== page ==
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OSIRIS-REx Sees the Moon Like We Can’t

The Moon imaged by OSIRIS-REx on Sept. 25, 2017. Credit: NASA/Goddard/University of Arizona.

On September 22 NASA’s OSIRIS-REx spacecraft made a “slingshot” gravity-assist pass by Earth in order to adjust the angle of its flight toward Bennu. Mission scientists took the opportunity to test out the spacecraft’s cameras with planned observations of Earth and the Moon, and I’m happy to report that everything worked out perfectly! Some of the first images shared with the public were of Earth from a distance of 106,000 miles; this one shows the Moon imaged from 746,000 miles away three days later on Sept. 25. It’s literally a view of the Moon we can’t ever get from Earth!

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What Do Lunar Phases Look Like From the Other Side of the Moon?

We’ve all seen the Moon go through its phases over the course of a month’s time (give or take a day or two) as it travels in its orbit around the Earth, and you may have even seen the cool animation from the NASA Goddard Visualization Studio showing an entire year’s worth of lunar phases. But have you ever wondered what the Moon might look like from the other side as it goes around our planet? Thanks to a new visualization from NASA Goddard (using mapping data acquired by the Lunar Reconnaissance Orbiter) you can get a pretty good idea.
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Dark Side of the Moon

Image from LCROSS' visible light camera

Image from LCROSS' visible light camera

As a matter of fact there IS a dark side of the moon, and it’s NOT all dark.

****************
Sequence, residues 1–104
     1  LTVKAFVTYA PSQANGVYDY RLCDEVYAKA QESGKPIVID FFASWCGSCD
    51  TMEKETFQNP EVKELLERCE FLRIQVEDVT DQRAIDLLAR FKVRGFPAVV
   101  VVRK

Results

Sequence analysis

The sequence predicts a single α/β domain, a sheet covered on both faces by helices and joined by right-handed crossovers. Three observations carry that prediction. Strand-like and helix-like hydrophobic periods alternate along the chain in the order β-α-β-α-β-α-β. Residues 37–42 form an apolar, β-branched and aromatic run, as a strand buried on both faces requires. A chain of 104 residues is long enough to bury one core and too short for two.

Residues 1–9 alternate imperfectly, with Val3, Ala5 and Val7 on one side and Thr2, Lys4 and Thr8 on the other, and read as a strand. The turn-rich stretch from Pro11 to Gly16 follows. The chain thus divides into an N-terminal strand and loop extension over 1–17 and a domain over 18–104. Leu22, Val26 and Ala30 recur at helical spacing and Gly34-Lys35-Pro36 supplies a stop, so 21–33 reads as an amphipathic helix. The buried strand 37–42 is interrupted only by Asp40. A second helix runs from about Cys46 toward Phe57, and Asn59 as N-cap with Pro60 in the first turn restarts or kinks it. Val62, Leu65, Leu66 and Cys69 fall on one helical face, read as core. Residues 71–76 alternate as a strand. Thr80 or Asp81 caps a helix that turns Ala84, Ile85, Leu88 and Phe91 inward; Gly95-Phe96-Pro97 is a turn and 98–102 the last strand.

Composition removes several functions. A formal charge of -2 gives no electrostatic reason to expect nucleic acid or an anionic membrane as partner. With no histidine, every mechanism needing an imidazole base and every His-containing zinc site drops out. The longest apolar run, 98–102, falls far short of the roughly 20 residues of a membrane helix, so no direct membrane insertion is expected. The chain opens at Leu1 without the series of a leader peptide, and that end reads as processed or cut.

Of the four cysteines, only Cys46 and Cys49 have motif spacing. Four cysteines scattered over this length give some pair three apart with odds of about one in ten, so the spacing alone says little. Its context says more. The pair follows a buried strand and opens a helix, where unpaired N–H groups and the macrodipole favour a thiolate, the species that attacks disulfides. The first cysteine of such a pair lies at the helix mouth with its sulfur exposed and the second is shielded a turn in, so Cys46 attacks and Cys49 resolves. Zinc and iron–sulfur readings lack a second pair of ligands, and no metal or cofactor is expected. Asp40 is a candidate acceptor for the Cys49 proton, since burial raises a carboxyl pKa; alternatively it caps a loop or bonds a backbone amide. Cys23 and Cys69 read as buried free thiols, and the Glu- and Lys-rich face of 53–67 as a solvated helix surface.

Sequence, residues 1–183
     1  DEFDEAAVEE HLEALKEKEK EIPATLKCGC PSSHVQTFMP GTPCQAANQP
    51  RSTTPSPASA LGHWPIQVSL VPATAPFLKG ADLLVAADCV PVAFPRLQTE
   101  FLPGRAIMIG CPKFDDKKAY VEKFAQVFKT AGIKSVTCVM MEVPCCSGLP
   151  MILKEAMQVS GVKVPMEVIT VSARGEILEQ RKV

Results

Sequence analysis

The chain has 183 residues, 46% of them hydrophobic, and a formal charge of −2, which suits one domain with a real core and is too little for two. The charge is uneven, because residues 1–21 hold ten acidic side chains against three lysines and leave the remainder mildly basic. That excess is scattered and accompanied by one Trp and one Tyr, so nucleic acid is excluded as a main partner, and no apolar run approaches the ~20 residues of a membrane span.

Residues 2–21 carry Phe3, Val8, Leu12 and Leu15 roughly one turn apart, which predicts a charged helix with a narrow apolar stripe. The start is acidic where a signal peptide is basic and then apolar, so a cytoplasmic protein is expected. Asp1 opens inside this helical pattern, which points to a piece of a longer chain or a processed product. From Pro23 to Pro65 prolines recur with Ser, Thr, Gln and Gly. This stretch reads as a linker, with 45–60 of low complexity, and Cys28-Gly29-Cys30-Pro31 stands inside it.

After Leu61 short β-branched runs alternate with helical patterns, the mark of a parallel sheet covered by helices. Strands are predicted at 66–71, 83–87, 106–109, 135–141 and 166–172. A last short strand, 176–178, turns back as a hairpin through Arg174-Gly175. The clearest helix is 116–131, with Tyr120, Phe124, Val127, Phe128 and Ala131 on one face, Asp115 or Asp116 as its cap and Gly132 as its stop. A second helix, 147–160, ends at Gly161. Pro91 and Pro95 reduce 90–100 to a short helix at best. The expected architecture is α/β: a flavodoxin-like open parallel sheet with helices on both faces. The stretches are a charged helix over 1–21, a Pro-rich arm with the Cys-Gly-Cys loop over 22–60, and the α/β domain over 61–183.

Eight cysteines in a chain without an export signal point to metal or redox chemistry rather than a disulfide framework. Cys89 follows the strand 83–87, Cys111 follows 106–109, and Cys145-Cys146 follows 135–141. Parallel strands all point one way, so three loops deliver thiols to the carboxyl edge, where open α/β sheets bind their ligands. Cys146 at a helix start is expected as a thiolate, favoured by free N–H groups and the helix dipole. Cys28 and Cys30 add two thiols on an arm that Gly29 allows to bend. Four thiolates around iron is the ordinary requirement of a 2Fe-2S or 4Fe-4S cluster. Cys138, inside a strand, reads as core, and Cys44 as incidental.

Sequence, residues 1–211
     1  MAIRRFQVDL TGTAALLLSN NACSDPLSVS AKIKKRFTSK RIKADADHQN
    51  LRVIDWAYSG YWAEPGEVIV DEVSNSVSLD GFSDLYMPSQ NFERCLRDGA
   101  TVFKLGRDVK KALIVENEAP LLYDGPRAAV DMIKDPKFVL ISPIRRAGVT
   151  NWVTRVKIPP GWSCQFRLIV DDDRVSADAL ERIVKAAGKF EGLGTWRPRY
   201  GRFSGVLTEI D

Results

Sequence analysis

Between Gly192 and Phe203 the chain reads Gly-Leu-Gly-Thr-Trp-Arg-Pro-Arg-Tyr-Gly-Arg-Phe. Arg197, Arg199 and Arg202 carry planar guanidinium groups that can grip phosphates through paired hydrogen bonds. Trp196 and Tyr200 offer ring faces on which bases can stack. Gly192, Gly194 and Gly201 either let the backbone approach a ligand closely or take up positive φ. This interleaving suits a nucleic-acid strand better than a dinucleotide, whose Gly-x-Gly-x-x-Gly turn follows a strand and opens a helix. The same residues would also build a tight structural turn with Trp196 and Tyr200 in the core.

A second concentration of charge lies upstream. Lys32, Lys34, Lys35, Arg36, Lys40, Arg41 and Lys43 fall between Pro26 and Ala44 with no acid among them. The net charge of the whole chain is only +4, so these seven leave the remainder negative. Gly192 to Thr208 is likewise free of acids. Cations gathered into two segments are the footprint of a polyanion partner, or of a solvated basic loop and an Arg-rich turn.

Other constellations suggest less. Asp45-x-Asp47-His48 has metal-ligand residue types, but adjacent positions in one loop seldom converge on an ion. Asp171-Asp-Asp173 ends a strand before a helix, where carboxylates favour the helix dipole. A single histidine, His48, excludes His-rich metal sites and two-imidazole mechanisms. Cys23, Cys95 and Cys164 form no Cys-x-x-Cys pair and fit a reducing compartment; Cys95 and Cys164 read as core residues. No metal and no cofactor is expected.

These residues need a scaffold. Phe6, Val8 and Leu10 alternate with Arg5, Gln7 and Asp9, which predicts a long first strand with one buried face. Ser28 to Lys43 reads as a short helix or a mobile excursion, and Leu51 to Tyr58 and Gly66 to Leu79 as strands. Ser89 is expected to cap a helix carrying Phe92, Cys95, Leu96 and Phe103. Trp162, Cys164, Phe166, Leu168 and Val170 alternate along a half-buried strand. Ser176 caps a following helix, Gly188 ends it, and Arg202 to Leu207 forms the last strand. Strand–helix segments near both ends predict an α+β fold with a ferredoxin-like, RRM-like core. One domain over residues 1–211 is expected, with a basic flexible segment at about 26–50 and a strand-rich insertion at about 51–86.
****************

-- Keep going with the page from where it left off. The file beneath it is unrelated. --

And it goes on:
The recently-launched LCROSS orbiter proves it too, in this photo taken during its lunar gravity-assist orbit which will take it around the Earth several times before finally impacting the moon on October 9. This image of the moon’s “backside” was taken during the lunar swingby phase of its mission on Tuesday. It is now in its “cruise” phase, having begun its elongated orbit, called LGALRO (Lunar Gravity Assist, Lunar Return Orbit).

The LCROSS mission was launched on June 18 to study a polar crater for evidence of water ice. The LCROSS orbiter was launched aboard an Atlas V rocket along with the Lunar Reconnaissance Orbiter, a robotic exploration satellite now sucessfully in orbit around the moon after the five-day journey there.

The LRO/LCROSS mission will pave the way for future long-term human endeavors on the lunar surface.

Image: NASA

Lights on the Dark Side

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The Japan Aerospace Exploration Agency has released the videos taken by the high-definition camera aboard its Kaguya lunar orbiter. This one is a flyover of a region called Mare Ingenii, or “Sea of Cleverness”, a rare lava flow area on the moon’s far side. The far side permanently faces away from the Earth and so has many more craters and rough terrain than the side we’re used to seeing, which features many larger mare regions.

The smoother, darker basaltic lava flow material in the basin is younger than the surrounding lunar landscape…only about 3.5 billion years old as compared to over 4 billion years old!

The path of the Kaguya probe takes it over the Obruchev crater and then the Thomson crater, two major features of the Mare Ingenii region, at an altitude of about 62 miles. Its high-definition camera is capable of recording amazingly sharp and detailed video of the lunar surface during its passes.

Video source: Source: Website of the Japan Aerospace Exploration Agency (JAXA)

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